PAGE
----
First flight was uneventful. I held the nose below the horizon on take off to keep the temps down and per the recommendation in the book. When I looked down everything on the ground seemed very small for just after take off. I checked the VSI and was climbing out at 1100 ft/min!! On landing I almost made the first turn off. I can't wait to Zen with this plane!
Build time, less waiting for the wing kit to arrive, was 19 months for a
"slow build". Thanks to my main bucker and cheerleader Doug Peterson
of RV -6 & 10 fame, all the friends who ran over after a phone call to buck a few and mostly to my wife, who without her buy in and total support I never could have tackled a job this demanding. What will I do in the evenings now.............-8?
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Hey Roger..........

From one Honeywell employee to another.....and from one RV-9 builder to another.....


That is AWESOME! I am excited for you and your maiden voyage! And the best part? We have yet another -9 (no A attached) in the air!

S-W-E-E-T ! Fly off those hours, and I'll need to schedule myself an 'official' Honeywell trip out to Arizona!

WOW!! Talk about motivation..... I live in Peoria, AZ and work at Honeywell and building a 9a (fuselage)..
txaviator said:
...from one one RV-9 builder to another.....



That is great news! Want to come by my place and help me finish up my -9? The FWF kit came Friday and the finishing kit comes in another week or two so I'll have every thing you will need.

You also work for Honeywell? And are also building a -9? Incredible coincidence! Hey, Roger gave me some great contact info (internal Honeywell numbers) where as employees, we can get some smokin' good deals on Honeywell (Bendix King) avionics by utilizing our employee discount! Would you like for me to PM you the info?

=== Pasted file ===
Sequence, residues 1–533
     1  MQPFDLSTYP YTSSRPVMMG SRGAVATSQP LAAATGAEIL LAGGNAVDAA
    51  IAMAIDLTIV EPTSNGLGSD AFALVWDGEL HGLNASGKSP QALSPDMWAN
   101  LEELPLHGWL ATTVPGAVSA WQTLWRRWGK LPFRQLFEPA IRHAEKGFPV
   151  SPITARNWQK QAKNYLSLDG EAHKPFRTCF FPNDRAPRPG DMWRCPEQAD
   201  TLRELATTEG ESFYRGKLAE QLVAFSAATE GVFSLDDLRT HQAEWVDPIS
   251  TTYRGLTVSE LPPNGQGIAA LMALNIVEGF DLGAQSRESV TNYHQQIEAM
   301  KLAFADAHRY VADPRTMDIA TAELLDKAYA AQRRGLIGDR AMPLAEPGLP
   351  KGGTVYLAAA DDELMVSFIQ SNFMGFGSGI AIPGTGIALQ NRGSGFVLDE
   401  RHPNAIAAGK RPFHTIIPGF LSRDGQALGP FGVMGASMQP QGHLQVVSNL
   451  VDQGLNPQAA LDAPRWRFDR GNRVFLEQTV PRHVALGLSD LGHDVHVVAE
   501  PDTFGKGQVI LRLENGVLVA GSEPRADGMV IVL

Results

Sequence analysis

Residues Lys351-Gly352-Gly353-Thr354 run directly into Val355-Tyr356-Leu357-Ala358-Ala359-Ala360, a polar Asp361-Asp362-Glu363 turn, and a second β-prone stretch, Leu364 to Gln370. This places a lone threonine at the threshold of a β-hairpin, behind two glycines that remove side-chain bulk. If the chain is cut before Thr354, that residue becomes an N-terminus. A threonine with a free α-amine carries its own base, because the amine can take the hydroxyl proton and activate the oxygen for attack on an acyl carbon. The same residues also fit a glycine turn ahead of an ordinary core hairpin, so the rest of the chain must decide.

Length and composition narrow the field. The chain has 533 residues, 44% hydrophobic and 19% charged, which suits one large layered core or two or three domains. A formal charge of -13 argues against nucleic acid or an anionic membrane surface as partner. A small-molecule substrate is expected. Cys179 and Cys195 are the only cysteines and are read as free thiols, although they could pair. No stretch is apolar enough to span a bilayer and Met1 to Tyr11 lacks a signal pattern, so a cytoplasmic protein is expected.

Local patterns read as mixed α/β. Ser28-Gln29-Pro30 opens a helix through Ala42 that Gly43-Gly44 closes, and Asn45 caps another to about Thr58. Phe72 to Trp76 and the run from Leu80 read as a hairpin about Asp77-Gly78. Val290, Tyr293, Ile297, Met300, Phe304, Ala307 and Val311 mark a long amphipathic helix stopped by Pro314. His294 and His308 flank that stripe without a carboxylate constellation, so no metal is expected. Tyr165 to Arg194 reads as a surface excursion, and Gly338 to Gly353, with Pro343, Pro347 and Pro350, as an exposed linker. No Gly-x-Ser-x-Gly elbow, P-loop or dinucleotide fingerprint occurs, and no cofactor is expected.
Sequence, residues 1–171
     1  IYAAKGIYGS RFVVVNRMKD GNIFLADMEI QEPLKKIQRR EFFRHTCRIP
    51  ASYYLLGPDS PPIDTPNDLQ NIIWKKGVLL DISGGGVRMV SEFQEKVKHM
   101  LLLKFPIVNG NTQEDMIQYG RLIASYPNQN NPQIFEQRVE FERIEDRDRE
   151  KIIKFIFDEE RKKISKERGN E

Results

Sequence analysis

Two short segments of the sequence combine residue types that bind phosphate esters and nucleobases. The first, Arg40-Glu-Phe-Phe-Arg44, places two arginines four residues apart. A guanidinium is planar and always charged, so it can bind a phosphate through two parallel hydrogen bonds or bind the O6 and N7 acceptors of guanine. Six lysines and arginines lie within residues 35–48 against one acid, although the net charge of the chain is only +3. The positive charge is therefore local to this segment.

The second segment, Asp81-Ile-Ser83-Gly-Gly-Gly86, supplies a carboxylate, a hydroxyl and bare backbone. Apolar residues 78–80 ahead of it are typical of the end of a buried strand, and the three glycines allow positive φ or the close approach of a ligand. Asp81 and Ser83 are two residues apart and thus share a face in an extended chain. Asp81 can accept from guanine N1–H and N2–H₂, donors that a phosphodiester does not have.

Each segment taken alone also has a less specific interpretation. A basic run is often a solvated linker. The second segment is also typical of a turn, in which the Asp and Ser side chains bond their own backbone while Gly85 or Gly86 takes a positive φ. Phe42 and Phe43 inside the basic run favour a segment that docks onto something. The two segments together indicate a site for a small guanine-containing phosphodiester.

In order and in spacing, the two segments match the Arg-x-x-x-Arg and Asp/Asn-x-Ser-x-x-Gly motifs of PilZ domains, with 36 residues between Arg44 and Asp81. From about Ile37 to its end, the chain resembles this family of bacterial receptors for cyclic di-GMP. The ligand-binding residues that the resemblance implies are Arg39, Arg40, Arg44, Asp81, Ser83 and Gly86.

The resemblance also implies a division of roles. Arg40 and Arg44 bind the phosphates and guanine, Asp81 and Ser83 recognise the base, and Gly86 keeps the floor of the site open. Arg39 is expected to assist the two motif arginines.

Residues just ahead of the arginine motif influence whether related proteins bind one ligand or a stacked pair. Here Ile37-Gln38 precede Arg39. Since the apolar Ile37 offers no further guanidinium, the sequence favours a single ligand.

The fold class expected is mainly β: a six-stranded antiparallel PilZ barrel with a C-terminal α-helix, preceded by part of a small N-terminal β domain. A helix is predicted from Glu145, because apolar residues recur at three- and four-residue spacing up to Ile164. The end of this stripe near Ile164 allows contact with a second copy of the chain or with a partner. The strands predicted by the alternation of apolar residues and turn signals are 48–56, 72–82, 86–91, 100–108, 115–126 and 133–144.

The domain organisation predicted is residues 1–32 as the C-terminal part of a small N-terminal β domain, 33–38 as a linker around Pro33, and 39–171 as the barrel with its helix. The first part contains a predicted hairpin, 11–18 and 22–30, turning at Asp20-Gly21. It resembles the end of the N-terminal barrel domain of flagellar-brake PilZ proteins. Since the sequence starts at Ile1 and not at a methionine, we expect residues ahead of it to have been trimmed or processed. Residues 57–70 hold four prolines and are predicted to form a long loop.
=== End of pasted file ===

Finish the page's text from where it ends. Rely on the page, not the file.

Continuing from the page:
What division do you work in? I am HSCE (Honeywell Security & Custom Electronics).

Take care,
Thank you all

Thanks to all for the congratulations!
I flew twice today. Once more over the top of the airport for 30 minutes and the second flight was out to the practice area for an hour. Total time 2 hours and all is running well. What a rocket in the climb out! Tower told me to keep the climb going and turn North over the north runway and the Seneca on the down wind. I've never been able to do that before! I'm telling ya... KEEP POUNDING THE RIVETS IT'S WORTH IT! :)
Vern Congratulations! I was at your presentation in Langley...very much appreciated your insights. How does it feel to have the coolest plane at Boundary Bay?

First flight, RV-9A 90577 C-FVRL

Van's RV-9A, Canadian registry C-FVRL completed it's first flight, today January 24th, 2006. With Safety Pilot Mike Langford and Pilot/Builder Vernon Little on board, it departed Boundary Bay Airport (CZBB) in an awful hurry after a long gestation period of 3-1/2 years and 3,396.6 shop hours. As predicted for more than three years, it flew on 'Tuesday'.

Mike Langford, a very experienced pilot/instructor was very impressed with the handling of the -9A. Mike owns a Harvard, a T-28 and an R-22, however, we think Van's can expect a new customer in the near future...